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Empty chairs and no candidates?

Trying to hire is a gamble at the best of times, but this year it’s been a little bit of a nightmare. It’s a combination of various things, including the obvious (the B word) and that so many people are just treading water while we continue to live in uncertain times.

If you’re struggling to find candidates, you’re not alone. I know that’s small comfort, so let’s go through some practical steps.

1 Why are you hiring?

Because you need to replace someone, or you need to expand. Right? But if you’ve been trying to hire for a while, then what about alternatives? Freelancers, contractors or even outsourcing that sort of work to another company or agency might be worth exploring and especially if the work’s piling up or getting delayed.

2 Good instead of excellent

Can you scale down the level of skills and experience you need? If you can’t hire someone who fits your idea of a perfect new recruit, then how about turning things on their head and, for purely practical reasons, trying to identify what sort of candidates you can attract? Is finding someone junior, who might need 3-6 months to be fully up and running, better than having an empty chair for another 6 months? (This idea connects to No 4 below.)

3 Plug, plug, plug

Nobody’s looking at job boards, compared to previous years. So if you’re still putting an advert somewhere and thinking that’s enough – it really isn’t. Employers are having to try things that seem like ancient history, including “we’re hiring” notices in windows (every café and bar now has them). Tweet, tweet and tweet again. Use all your social media accounts. Encourage everyone to post or share your posts saying you’re looking for a new recruit. Amplify the message and reach as many people as possible.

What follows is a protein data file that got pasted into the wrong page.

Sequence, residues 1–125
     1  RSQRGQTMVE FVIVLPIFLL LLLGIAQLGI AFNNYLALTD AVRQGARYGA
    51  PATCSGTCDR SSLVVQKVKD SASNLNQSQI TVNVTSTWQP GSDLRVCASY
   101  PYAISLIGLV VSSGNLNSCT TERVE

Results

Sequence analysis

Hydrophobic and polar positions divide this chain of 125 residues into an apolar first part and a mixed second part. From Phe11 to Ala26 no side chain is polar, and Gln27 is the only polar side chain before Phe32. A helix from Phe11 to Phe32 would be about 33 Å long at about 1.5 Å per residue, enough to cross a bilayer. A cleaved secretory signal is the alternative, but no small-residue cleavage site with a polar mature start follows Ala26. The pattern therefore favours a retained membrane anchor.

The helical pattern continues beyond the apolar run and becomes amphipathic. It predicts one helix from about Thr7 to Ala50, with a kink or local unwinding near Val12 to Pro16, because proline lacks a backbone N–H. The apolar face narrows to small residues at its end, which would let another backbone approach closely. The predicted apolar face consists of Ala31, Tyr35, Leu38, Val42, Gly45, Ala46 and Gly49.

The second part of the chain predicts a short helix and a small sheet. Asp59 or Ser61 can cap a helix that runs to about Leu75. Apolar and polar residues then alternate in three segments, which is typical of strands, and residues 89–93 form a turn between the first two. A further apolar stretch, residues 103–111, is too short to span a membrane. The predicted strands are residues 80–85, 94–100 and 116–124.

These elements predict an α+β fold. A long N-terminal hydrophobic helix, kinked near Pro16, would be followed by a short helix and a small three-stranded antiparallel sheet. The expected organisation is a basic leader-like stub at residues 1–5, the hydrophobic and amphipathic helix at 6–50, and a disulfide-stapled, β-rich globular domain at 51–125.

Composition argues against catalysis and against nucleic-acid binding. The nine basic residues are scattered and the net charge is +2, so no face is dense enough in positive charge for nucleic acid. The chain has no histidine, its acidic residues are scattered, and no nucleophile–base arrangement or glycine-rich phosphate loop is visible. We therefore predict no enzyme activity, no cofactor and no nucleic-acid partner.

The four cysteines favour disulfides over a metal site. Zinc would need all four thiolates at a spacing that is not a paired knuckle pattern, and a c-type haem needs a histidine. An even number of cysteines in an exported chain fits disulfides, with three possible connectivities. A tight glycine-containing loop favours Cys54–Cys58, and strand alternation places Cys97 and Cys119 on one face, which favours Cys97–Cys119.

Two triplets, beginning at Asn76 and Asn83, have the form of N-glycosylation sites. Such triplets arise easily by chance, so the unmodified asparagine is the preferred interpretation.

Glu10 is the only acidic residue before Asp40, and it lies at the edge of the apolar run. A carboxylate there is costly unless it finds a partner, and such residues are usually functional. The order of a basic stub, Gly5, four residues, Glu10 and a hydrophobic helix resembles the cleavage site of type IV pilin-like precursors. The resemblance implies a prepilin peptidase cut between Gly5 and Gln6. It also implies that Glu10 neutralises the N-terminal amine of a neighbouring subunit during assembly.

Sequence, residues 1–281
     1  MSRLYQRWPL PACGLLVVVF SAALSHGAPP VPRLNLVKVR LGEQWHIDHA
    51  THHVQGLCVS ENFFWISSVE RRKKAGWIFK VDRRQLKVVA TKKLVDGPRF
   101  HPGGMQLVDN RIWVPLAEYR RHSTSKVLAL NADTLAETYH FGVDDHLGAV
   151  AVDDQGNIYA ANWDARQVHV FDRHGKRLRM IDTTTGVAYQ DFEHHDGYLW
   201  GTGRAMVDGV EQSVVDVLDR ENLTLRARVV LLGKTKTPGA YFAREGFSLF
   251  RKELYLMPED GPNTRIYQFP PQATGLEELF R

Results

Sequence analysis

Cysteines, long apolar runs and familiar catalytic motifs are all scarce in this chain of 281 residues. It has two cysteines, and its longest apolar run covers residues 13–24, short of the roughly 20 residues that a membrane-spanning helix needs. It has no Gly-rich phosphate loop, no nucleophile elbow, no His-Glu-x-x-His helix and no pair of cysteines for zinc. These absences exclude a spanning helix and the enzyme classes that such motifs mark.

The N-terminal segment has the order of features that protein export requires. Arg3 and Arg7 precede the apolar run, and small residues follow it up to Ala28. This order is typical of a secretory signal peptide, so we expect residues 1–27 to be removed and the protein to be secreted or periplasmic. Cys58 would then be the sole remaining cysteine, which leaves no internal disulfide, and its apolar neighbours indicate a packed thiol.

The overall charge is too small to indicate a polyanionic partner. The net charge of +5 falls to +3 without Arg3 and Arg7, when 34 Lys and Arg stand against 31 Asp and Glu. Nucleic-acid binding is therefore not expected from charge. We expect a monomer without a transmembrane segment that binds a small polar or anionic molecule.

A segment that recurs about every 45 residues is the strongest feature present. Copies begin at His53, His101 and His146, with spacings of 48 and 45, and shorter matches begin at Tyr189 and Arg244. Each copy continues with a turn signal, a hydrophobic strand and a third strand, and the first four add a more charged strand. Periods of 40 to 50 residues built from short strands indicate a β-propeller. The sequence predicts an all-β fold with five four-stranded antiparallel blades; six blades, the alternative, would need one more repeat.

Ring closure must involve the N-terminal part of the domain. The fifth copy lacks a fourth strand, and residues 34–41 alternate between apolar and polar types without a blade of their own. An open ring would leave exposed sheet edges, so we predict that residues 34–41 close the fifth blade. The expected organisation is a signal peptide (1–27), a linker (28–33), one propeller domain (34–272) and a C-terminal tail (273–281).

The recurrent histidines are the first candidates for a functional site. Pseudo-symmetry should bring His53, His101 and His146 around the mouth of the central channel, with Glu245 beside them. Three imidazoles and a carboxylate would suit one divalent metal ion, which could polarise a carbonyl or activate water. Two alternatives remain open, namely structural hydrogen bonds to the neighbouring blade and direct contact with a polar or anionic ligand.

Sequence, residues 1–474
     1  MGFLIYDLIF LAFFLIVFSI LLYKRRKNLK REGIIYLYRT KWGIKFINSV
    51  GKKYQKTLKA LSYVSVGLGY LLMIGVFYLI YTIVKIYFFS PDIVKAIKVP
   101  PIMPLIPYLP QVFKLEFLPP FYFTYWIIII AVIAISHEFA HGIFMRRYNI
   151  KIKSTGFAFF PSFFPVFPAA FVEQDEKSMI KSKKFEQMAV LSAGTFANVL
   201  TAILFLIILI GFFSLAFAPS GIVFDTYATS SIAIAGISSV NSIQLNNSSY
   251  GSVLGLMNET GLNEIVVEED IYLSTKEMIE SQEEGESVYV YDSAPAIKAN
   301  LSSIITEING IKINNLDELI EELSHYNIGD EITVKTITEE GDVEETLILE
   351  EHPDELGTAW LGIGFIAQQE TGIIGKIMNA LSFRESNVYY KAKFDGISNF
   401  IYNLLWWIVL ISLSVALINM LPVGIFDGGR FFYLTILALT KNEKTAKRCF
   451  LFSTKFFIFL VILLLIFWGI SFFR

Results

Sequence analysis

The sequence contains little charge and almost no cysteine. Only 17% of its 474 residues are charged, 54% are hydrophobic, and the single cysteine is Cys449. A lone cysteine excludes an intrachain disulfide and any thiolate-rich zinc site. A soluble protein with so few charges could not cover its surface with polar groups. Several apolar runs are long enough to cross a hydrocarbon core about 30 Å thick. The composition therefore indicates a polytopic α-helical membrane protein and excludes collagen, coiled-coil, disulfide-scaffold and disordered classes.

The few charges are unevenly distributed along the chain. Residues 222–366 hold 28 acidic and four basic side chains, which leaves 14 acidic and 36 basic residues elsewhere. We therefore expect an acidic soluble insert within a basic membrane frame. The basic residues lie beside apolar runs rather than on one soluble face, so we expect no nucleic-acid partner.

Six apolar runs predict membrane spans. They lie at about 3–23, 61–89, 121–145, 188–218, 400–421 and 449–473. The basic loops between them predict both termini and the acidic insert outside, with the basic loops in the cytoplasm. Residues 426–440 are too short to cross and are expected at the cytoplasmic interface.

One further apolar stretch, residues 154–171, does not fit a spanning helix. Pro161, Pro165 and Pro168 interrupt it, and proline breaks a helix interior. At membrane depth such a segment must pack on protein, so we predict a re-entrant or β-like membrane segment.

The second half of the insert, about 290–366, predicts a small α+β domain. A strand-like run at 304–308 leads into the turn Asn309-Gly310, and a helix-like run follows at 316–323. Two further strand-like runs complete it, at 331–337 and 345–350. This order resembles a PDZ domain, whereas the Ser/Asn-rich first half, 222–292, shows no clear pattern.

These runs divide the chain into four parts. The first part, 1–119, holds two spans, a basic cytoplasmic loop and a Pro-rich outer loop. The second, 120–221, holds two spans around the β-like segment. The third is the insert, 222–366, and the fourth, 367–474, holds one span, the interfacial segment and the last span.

4 Rip it up and start again

If you’re replacing someone and you’re hoping to just quickly find someone who can do all the things she or he did – good luck, but don’t get your hopes up. Let’s be realistic. Every time you plan to hire, you have a golden opportunity to redesign a job. So why not start with the basics: if you can get more candidates with less experience than the person who’s leaving, make the best of it and make some changes: put together a job that you can fill, and perhaps by taking some work away from other people so that the more experienced people have time to do whatever the new hire can’t. That approach might be better, and more popular, than leaving them short-staffed for a long time.

5 Don’t panic

Easier said than done, but if it’s starting to feel like you’re banging your head against a brick wall – don’t give up. Try something else, then try another new thing, then keep going. Recruitment always has a big element of luck: you get candidates who (for whatever reason) are looking for a new job at any moment in time.

 

Here’s an example: Company X ran job searches for months and the managers were starting to despair. We’ve used all the ideas set out above and that included outsourcing some tasks to freelancers (idea 1). One initiative was redesigning a role to hire a bright but inexperienced graduate (idea 2). She found out about the vacancy because friends of friends had shared the “we’re hiring” post on social media (idea 3). Her role is completely different to the person she replaced: it’s a good fit for her and she’s taken on parts of other people’s jobs, enabling them to take on the work that only more experienced people can do (idea 4). She’s happy, her colleagues are less overworked and her manager is finally able to focus on the future instead of feeling ground down by a frustrating job search.

 

By Brian

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